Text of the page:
Robert P. Hunter, J.D., LL. M, director of labor policy for the Mackinac Center of Public Policy, is an expert in all aspects of labor movement law and history, and leads the Center's Labor Policy Initiative.

Appointed by President Reagan to the National Labor Relations Board in 1981,where he adjudicated more than 3,000 labor law cases, Hunter also served as chief counsel to the U.S. Senate Committee on Labor and Human Resources and as chief legislative assistant to U.S. Senators Robert Taft and Orrin Hatch.

Hunter, who was appointed by Gov. John Engler to the Michigan Civil Service Commission, is a former faculty member of the Johns Hopkins University Graduate Business School and has served as labor policy advisor to the U.S. Chamber of Commerce, the Society for Human Resource Management, and other organizations.

Mr. Hunter is admitted to practice before the U.S. Supreme Court and belongs to several state bar associations.  He received his law degree from Vanderbilt University Law School and he holds a master of laws degree from the New York University School of Law.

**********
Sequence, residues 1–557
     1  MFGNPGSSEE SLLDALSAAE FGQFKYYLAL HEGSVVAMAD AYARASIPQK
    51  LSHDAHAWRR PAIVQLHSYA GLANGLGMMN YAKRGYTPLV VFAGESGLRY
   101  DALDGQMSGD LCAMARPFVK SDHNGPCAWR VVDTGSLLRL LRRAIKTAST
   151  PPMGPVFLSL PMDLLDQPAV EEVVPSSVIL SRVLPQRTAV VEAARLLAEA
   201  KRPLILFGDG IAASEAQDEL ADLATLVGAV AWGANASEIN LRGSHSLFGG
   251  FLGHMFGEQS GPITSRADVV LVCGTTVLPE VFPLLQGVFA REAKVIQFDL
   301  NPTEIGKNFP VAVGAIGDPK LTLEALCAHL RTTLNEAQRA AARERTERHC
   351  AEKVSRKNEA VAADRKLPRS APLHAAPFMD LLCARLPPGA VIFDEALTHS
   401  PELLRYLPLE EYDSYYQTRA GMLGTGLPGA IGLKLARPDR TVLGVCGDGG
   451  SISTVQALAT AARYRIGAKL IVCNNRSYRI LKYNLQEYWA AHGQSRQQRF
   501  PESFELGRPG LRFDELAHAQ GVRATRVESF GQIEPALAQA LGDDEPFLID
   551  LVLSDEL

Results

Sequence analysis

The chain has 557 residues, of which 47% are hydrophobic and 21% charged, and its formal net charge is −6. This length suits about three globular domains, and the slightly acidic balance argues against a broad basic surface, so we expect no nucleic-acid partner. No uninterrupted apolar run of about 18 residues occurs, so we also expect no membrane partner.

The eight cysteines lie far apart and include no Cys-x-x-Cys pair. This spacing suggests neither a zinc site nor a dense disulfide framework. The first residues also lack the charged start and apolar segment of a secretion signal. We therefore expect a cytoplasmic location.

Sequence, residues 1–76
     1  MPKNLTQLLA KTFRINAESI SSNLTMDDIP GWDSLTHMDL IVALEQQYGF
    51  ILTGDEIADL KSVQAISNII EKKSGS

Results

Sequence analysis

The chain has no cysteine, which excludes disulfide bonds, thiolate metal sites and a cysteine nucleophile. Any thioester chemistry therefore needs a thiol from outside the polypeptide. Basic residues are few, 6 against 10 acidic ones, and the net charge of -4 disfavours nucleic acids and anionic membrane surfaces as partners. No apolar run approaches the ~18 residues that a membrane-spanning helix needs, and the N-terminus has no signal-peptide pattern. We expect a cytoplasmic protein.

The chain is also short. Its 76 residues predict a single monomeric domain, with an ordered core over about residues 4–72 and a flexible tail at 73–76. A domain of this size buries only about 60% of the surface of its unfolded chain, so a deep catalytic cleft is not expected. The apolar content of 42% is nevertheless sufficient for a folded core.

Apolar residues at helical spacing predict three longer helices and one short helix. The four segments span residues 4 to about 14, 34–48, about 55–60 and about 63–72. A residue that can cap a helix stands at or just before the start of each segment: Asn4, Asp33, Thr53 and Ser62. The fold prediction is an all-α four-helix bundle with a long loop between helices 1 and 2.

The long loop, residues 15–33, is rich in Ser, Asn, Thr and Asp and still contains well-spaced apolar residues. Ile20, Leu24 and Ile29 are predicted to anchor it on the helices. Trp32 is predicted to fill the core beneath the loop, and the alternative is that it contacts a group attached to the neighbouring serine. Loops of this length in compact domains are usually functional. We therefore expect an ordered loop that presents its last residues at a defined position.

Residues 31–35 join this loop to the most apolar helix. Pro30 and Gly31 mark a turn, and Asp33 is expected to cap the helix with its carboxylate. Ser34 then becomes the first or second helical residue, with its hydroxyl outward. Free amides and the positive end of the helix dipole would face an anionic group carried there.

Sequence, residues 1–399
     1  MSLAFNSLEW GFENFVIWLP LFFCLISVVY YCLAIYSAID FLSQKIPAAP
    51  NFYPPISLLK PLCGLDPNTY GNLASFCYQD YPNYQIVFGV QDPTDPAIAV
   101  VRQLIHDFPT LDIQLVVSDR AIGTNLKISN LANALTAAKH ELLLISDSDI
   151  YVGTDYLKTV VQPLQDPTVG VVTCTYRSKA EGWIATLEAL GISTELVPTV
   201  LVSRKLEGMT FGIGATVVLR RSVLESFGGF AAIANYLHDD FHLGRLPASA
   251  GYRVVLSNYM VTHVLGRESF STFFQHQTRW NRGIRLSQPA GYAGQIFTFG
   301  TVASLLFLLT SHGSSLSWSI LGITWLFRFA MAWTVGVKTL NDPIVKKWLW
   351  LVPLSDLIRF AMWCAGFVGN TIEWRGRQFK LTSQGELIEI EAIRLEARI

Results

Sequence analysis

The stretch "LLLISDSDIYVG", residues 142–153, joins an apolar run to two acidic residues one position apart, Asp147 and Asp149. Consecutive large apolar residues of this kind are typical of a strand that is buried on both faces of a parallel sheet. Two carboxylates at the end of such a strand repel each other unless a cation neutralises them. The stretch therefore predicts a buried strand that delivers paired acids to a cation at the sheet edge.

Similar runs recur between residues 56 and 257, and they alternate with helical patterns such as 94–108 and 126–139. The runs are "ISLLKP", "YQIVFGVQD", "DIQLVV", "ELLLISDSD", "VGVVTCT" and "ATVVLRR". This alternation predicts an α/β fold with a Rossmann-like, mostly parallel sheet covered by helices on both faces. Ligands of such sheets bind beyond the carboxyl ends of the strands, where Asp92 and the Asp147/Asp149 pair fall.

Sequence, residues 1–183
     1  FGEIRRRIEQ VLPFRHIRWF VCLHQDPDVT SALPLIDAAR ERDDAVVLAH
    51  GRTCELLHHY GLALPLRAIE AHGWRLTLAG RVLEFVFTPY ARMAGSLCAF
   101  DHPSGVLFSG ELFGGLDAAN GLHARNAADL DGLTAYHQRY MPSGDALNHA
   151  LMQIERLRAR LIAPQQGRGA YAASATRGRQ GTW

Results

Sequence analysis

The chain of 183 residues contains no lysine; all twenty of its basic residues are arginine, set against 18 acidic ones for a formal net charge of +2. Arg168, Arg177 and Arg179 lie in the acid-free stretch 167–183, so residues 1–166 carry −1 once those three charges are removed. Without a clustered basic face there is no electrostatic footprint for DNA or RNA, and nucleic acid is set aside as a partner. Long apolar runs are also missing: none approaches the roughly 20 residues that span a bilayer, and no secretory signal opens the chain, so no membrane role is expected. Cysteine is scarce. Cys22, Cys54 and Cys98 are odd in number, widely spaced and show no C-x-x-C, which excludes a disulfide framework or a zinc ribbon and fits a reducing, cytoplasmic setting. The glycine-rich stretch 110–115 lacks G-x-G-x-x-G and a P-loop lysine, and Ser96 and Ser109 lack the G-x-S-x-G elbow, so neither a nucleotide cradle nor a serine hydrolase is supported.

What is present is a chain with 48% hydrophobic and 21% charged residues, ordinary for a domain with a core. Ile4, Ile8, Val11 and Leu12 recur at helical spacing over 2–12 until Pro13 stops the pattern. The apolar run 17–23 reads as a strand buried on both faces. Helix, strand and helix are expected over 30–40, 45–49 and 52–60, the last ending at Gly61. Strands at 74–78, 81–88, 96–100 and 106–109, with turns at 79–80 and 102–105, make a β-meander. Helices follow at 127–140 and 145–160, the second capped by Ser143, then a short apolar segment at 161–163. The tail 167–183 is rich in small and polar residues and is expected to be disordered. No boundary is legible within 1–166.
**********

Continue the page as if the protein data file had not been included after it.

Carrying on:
Paul S. Kersey, J.D., labor policy research associate at the Mackinac Center for Public Policy, researches and analyzes labor and employment issues for the Center's Labor Policy Initiative.

After practicing law in Livonia, Mich. for several years, Kersey served on the staff of the Government Reform and Oversight Committee of the U.S. House of Representatives.  He then spent three years at the National Right to Work Committee as director of state legislation, where he analyzed and responded to labor legislation in all 50 states.

Mr. Kersey holds a bachelor of arts degree in economics from the University of Michigan  at Dearborn.  In 1993 he received his law degree from the University of Illinois.

Shawn P. Miller served as a research intern for Robert P. Hunter during the summer of  2001.  He possesses dual bachelor's degrees in mechanical engineering and philosophy, and is currently in his first year of law school at the University of Notre Dame.